Mr. Olsen's Neighborhood

New housing project reflects developer's own vision of what community should be

MONMOUTH -- If you want to see builder Eric Olsen cringe, you don't have to scrape your fingernails across a blackboard or plug in a Michael Bolton tape.

Just refer to his Edwards Addition in Monmouth as a "subdivision."

To Olsen, the 88-acre tract on the south side of town is much more than that. To Olsen, Edwards Addition is his baby, his hope, and yes, his dream.

"I want a neighborhood that has diversity, is a highly desirable place to live and has a character of its own, a village character," Olsen said recently on the front porch of one of his new homes.

The Olsen family has owned the tract of land that includes Edwards Addition since 1971. Not everyone in the family was all that excited about putting homes on it either.

"They aren't necessarily pro-development," Olsen said.

"They would only be supportive of something that had the highest standards. That was the gauntlet they threw down."

Olsen picked up the gauntlet and started designing. The plan includes a duck pond, wetlands area, village green, small neighborhood commercial area for a grocery store or cafe of some sort, sports fields and an area for a school or civic center.

Ultimately, Edwards Addition could contain as many as 471 housing units. Phase one currently is under construction and includes 19 single-family homes and three row houses. Olsen estimates it will take around 20 years for the entire project to be completed.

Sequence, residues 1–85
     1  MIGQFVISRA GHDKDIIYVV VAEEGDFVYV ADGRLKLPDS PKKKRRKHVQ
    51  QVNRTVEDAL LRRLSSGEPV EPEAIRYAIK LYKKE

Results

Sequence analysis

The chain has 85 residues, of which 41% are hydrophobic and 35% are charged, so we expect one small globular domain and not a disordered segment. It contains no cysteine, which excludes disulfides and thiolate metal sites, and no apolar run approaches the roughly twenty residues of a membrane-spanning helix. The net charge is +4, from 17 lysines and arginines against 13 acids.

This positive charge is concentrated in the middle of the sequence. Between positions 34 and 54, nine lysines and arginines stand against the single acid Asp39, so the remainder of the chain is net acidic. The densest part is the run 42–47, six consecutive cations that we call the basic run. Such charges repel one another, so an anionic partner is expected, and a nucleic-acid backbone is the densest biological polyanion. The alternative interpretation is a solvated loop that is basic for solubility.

The houses are being constructed with the look of the early 1900s. Front porches and rear garages are featured. Most designs include "flex space" that could be used for an extra bedroom, office, sewing room, etc.

There are six different floor plans available, ranging from The Demming (704 square feet) to The Bowen (2,888 square feet). Those who wish may also come up with their own custom design.

The space between the street and sidewalk is a little bigger than in most neighborhoods to allow for trees and other plants. The front yards are a little smaller, allowing for bigger back yards.

The streets include "traffic calming" devices such as enlarged curbs at intersections and speed bumps.

"The style isn't for everybody," architect Martha Anderson said.

"But what you've seen in construction over the last 20 years is the same type of house built over and over and over. This is just a style that Eric and I really love. This offers people a choice and fosters a friendly pedestrian environment.

"People walking around the neighborhood will have something to look at. We are constantly getting comments from people that they like the style, the attention to detail."

Unlike many developments, Olsen Design & Development is handling virtually every detail of Edwards Addition.

"Eric is an engineer, a designer and a developer," Anderson said.

"That gives us consistent quality control. We want that consistency. We want people to know we believe in what we're doing. We're out here doing it all ourselves."

Edwards Addition is being marketed by Windermere Western View Properties.


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